I was at the Capitol today with Representative Gauthier pushing for tougher penalties for automobile burglary (aka. motor vehicle tampering). We spoke before the House Judiciary Committee and they passed Rep. Gauthier's bill making the third offense a gross misdemeanor. While it is not exactly what we wanted it is a win for us! It will now go on for a full vote in the House. We had tried for a felony last year, but the potential incarceration costs turned off too many and the bill did not make it past a committee hearing.
When a bill comes before the House or Senate and there are costs associated with it, the appropriate department in State government is asked to come up with a fiscal cost to tax payers. In the case of the car burglary bill last year, the Department of Corrections (DOC) was asked to determine how much increasing the penalty for auto burglary would cost in potential additional inmates. I was astonished to hear the cost that DOC came up with and began to wonder what formula they use to estimate costs because it caused us to lose the chance to pass the tougher penalty. Many cops will tell you auto burglary is probably the most common residential property crime committed (and our stats back it). Why wouldn't we choose to be tougher on those who commit our most common property crime over and over?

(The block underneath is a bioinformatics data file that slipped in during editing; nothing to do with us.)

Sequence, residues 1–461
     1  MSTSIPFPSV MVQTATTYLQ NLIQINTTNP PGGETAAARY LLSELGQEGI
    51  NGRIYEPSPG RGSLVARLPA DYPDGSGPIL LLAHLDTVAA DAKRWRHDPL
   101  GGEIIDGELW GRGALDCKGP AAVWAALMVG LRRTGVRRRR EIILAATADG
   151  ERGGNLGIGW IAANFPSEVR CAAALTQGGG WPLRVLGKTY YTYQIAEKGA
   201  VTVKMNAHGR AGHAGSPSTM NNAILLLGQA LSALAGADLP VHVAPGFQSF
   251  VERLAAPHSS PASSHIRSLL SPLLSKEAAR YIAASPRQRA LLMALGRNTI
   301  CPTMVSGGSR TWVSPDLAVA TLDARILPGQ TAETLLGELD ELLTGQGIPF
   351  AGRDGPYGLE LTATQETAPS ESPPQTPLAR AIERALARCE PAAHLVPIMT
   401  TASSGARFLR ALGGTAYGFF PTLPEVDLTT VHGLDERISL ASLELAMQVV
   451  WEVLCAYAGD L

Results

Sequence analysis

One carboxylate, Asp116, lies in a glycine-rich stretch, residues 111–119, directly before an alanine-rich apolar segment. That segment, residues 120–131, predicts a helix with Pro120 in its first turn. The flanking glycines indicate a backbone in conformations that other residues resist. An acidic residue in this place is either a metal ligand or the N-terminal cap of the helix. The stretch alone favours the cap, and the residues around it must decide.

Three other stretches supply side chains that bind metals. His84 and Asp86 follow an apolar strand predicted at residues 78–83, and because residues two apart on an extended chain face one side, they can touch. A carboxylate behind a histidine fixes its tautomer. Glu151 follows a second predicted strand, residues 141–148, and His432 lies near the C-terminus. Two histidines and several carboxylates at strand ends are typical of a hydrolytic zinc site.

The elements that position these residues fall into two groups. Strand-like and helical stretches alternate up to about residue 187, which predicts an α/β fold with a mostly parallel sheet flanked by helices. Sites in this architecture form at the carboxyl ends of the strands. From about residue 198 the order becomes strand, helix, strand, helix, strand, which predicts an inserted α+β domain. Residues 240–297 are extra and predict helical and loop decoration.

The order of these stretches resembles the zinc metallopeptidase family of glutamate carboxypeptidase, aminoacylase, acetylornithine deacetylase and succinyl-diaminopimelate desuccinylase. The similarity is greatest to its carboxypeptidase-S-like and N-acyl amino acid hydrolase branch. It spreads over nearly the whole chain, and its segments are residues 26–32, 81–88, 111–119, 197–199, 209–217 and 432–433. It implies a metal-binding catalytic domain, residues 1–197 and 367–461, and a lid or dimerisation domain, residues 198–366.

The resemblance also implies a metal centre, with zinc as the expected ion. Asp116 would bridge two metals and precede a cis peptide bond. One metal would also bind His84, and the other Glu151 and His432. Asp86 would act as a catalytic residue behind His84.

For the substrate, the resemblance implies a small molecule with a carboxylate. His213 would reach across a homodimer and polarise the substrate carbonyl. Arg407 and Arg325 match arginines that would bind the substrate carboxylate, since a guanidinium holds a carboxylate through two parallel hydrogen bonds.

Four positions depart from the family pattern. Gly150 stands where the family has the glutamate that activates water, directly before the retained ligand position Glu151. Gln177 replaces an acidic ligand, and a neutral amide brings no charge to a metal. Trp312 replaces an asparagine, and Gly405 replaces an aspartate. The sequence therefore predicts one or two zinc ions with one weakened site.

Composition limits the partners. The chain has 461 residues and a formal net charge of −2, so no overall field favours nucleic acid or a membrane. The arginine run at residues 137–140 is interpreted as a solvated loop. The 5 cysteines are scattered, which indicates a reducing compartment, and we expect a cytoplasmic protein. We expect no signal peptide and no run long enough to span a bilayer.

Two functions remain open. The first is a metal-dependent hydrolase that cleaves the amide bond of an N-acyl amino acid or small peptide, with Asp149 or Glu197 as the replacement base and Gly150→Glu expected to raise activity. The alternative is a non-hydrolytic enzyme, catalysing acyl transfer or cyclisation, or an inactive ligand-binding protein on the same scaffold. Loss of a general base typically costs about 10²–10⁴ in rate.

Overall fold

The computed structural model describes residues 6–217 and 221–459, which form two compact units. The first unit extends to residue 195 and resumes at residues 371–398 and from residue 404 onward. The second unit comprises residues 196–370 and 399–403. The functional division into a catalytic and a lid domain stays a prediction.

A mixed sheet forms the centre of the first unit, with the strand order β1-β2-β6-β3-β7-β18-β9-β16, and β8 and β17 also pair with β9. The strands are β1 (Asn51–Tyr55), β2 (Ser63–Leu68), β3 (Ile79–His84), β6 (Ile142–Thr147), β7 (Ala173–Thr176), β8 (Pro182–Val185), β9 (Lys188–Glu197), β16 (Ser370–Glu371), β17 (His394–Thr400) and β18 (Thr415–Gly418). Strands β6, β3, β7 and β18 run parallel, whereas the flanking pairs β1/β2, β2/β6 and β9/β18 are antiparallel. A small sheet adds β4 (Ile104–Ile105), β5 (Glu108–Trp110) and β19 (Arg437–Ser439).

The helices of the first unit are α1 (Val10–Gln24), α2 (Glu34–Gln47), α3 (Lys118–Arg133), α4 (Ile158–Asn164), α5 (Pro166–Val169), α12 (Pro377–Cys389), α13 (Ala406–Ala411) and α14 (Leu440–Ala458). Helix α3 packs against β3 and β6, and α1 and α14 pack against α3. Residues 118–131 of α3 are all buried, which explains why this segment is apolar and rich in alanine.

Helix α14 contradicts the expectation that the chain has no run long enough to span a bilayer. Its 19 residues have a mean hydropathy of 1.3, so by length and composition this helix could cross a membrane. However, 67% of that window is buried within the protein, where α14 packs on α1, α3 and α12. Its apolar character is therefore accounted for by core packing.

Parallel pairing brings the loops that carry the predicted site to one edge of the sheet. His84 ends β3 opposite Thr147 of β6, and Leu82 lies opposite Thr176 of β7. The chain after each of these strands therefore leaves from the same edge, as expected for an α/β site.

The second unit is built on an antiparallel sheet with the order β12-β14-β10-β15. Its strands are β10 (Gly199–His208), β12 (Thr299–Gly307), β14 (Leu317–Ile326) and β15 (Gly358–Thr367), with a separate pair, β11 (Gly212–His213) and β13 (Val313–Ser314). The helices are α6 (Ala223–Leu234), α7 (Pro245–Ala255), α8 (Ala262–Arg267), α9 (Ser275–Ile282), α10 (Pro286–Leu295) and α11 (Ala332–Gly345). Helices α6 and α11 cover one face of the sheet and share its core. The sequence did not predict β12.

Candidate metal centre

Kevin Jacobsen from channel 6 did a great story on an initiative of ours to utilize GPS more in the tracking of our habitual offenders. Thanks Kevin for bringing attention to the need to change our response to in sentencing habitual offenders.